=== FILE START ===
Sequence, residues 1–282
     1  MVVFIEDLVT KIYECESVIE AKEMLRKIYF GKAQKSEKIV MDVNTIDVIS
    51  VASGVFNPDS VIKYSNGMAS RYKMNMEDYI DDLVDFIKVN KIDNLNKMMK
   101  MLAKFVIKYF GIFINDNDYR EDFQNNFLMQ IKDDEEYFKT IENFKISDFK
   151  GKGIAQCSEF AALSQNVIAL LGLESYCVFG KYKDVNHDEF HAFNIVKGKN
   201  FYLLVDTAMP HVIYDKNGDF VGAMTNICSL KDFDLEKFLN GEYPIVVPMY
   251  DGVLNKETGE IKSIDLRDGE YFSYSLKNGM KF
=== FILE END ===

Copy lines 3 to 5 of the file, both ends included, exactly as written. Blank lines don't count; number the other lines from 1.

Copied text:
    51  VASGVFNPDS VIKYSNGMAS RYKMNMEDYI DDLVDFIKVN KIDNLNKMMK
   101  MLAKFVIKYF GIFINDNDYR EDFQNNFLMQ IKDDEEYFKT IENFKISDFK
   151  GKGIAQCSEF AALSQNVIAL LGLESYCVFG KYKDVNHDEF HAFNIVKGKN